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Craniovertebral junction abnormalities with hindbrain herniation and syringomyelia: regression of syringomyelia after removal of ventral craniovertebral junction compression.
J Neurosurg. 2012 Feb; 116(2):301-9.JN

Abstract

OBJECT

Hindbrain herniation syndrome, or Chiari malformation Type I (CM-I), occurs frequently with craniovertebral junction (CVJ) abnormalities when there is reduction in the posterior fossa volume. Syringomyelia is often present. Posterior fossa dorsal decompression (PFDD) is typically performed but has adverse results when ventral bone abnormality exists. This paper presents the results of a prospective study on CVJ abnormalities in patients with CM-I and syringomyelia.

METHODS

Between 1984 and 2008 (the MR imaging era), 298 patients with CVJ abnormalities and CM-I underwent ventral cervicomedullary decompression. Eighty-four patients had associated syringomyelia (15 with secondary invagination and 69 with primary basilar invagination, os odontoideum, or malunion of fractures). Of these 84 patients with CVJ abnormalities, CM-I, and syringomyelia, 46 had previously undergone PFDD, and 28 had previously undergone PFDD combined with fusion procedures or shunt placements. Of the 84 patients, a cervicothoracic syrinx was observed in 57, thoracic syrinx in 14, and holocord syrinx in 13. Studies included CT, MR imaging, and cine flow studies. All 298 patients who underwent ventral CVJ decompression had irreducible or partially reducible pathology. All 84 with syringomyelia showed brainstem dysfunction, lower cranial nerve symptoms, or myelopathy.

RESULTS

Brainstem signs improved in 66 of the 84 patients, myelopathy improved in 58, and syringomyelia regressed in 64.

CONCLUSIONS

Neurological improvement and syringomyelia resolution can occur using only ventral cervicomedullary junction decompression in patients with basilar invagination and basilar impression. This is likely due to the relief of neural encroachment and reestablishment of CSF pathways.

Authors+Show Affiliations

Department of Neurosurgery, University of Iowa Hospitals and Clinics, Iowa City, Iowa 52242, USA. arnold-menezes@uiowa.edu

Pub Type(s)

Case Reports
Journal Article

Language

eng

PubMed ID

22098202

Citation

Menezes, Arnold H.. "Craniovertebral Junction Abnormalities With Hindbrain Herniation and Syringomyelia: Regression of Syringomyelia After Removal of Ventral Craniovertebral Junction Compression." Journal of Neurosurgery, vol. 116, no. 2, 2012, pp. 301-9.
Menezes AH. Craniovertebral junction abnormalities with hindbrain herniation and syringomyelia: regression of syringomyelia after removal of ventral craniovertebral junction compression. J Neurosurg. 2012;116(2):301-9.
Menezes, A. H. (2012). Craniovertebral junction abnormalities with hindbrain herniation and syringomyelia: regression of syringomyelia after removal of ventral craniovertebral junction compression. Journal of Neurosurgery, 116(2), 301-9. https://doi.org/10.3171/2011.9.JNS11386
Menezes AH. Craniovertebral Junction Abnormalities With Hindbrain Herniation and Syringomyelia: Regression of Syringomyelia After Removal of Ventral Craniovertebral Junction Compression. J Neurosurg. 2012;116(2):301-9. PubMed PMID: 22098202.
* Article titles in AMA citation format should be in sentence-case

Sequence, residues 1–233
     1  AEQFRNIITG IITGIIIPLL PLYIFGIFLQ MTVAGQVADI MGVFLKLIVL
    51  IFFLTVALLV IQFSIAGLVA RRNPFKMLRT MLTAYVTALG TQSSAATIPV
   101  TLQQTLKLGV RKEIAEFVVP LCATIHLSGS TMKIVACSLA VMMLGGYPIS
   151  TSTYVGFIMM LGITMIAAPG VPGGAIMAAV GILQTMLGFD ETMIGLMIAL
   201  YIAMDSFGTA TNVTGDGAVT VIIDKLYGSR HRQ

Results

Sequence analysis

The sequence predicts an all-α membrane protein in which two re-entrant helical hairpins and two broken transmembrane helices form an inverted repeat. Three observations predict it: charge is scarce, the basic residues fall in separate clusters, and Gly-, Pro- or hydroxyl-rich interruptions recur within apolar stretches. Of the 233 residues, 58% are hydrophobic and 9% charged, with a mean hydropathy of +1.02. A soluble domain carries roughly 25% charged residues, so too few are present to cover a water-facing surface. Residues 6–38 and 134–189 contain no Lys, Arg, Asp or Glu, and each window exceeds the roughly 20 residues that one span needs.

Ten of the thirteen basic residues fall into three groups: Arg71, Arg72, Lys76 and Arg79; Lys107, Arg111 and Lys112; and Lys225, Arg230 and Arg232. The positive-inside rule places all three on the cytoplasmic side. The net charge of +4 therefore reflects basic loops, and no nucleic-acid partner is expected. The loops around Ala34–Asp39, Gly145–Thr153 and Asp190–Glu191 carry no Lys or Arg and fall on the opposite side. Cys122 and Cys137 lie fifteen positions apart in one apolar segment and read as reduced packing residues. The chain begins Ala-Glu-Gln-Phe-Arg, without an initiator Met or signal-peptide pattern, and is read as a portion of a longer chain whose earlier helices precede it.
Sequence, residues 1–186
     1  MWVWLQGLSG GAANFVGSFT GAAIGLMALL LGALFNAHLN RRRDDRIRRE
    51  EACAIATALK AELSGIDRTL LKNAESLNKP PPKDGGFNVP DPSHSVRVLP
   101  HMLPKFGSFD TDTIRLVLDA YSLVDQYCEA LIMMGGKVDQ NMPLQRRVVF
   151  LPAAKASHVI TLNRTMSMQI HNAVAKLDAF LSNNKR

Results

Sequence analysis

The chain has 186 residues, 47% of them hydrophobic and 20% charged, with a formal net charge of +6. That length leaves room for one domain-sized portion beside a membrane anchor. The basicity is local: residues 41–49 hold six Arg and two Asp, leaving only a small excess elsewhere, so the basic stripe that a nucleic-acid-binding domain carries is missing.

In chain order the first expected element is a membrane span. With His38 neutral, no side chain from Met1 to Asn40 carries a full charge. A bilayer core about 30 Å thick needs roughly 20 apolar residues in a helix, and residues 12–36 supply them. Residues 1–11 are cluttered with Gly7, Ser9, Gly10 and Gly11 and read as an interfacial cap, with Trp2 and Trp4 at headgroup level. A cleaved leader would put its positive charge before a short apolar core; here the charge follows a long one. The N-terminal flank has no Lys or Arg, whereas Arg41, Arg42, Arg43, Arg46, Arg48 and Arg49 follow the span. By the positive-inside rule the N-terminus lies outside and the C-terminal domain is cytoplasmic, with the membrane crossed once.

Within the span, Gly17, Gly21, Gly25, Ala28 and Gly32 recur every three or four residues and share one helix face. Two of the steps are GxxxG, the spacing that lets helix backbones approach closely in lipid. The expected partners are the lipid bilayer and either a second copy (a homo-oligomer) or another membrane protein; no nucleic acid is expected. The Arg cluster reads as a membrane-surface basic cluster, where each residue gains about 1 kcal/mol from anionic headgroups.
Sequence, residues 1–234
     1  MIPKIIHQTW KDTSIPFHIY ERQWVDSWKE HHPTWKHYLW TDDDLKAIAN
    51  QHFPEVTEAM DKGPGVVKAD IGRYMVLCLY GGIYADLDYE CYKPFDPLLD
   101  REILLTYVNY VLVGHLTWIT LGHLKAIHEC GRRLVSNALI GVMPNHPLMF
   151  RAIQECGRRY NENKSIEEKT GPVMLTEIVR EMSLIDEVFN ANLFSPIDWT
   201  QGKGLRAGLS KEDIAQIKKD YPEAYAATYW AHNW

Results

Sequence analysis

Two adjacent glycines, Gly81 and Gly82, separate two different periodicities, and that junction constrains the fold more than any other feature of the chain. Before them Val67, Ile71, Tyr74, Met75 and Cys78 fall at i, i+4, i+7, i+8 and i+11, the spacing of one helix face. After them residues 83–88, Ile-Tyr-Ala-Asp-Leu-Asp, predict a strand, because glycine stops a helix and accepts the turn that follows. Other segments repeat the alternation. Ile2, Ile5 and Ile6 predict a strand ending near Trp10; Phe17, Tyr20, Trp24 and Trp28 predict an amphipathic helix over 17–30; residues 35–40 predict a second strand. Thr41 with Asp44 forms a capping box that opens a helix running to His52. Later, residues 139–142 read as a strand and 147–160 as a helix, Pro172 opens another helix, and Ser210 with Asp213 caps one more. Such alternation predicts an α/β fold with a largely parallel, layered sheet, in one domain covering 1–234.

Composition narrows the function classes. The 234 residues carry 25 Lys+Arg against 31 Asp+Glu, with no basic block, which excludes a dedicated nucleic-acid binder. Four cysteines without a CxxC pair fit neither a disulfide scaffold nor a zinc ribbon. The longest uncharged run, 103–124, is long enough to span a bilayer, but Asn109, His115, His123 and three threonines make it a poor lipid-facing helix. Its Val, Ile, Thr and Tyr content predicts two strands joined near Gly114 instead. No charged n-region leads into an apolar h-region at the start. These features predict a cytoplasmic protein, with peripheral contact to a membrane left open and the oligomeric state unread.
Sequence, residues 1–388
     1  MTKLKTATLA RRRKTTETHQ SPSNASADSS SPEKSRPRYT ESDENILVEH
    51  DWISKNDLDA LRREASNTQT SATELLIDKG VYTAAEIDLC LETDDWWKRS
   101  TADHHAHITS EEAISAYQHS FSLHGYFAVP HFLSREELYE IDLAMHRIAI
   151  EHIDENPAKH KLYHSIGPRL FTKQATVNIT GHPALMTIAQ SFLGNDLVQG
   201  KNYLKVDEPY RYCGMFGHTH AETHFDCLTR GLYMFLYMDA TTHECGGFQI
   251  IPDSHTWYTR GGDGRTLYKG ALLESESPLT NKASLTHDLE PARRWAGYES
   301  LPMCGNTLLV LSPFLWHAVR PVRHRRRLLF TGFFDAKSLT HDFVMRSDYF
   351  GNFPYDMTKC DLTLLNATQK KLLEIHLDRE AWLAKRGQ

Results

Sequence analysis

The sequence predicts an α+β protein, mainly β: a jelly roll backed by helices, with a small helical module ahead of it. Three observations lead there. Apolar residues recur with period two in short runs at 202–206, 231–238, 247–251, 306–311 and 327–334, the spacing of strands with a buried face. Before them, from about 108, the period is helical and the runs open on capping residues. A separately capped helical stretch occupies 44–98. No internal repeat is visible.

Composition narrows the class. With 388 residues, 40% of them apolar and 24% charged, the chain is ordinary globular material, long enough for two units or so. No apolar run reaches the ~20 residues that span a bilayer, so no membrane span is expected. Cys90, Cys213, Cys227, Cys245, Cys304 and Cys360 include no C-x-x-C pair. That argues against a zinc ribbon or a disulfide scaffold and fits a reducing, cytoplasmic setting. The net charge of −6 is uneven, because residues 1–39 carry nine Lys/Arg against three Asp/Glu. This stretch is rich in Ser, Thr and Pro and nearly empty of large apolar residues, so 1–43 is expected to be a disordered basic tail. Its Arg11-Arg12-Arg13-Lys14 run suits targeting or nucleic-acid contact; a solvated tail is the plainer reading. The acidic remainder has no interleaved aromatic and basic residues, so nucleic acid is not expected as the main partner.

TY - JOUR T1 - Craniovertebral junction abnormalities with hindbrain herniation and syringomyelia: regression of syringomyelia after removal of ventral craniovertebral junction compression. A1 - Menezes,Arnold H, Y1 - 2011/11/18/ PY - 2011/11/22/entrez PY - 2011/11/22/pubmed PY - 2012/4/12/medline SP - 301 EP - 9 JF - Journal of neurosurgery JO - J Neurosurg VL - 116 IS - 2 N2 - OBJECT: Hindbrain herniation syndrome, or Chiari malformation Type I (CM-I), occurs frequently with craniovertebral junction (CVJ) abnormalities when there is reduction in the posterior fossa volume. Syringomyelia is often present. Posterior fossa dorsal decompression (PFDD) is typically performed but has adverse results when ventral bone abnormality exists. This paper presents the results of a prospective study on CVJ abnormalities in patients with CM-I and syringomyelia. METHODS: Between 1984 and 2008 (the MR imaging era), 298 patients with CVJ abnormalities and CM-I underwent ventral cervicomedullary decompression. Eighty-four patients had associated syringomyelia (15 with secondary invagination and 69 with primary basilar invagination, os odontoideum, or malunion of fractures). Of these 84 patients with CVJ abnormalities, CM-I, and syringomyelia, 46 had previously undergone PFDD, and 28 had previously undergone PFDD combined with fusion procedures or shunt placements. Of the 84 patients, a cervicothoracic syrinx was observed in 57, thoracic syrinx in 14, and holocord syrinx in 13. Studies included CT, MR imaging, and cine flow studies. All 298 patients who underwent ventral CVJ decompression had irreducible or partially reducible pathology. All 84 with syringomyelia showed brainstem dysfunction, lower cranial nerve symptoms, or myelopathy. RESULTS: Brainstem signs improved in 66 of the 84 patients, myelopathy improved in 58, and syringomyelia regressed in 64. CONCLUSIONS: Neurological improvement and syringomyelia resolution can occur using only ventral cervicomedullary junction decompression in patients with basilar invagination and basilar impression. This is likely due to the relief of neural encroachment and reestablishment of CSF pathways. SN - 1933-0693 UR - https://www.unboundmedicine.com/medline/citation/22098202/Craniovertebral_junction_abnormalities_with_hindbrain_herniation_and_syringomyelia:_regression_of_syringomyelia_after_removal_of_ventral_craniovertebral_junction_compression_ L2 - https://thejns.org/doi/10.3171/2011.9.JNS11386 DB - PRIME DP - Unbound Medicine ER -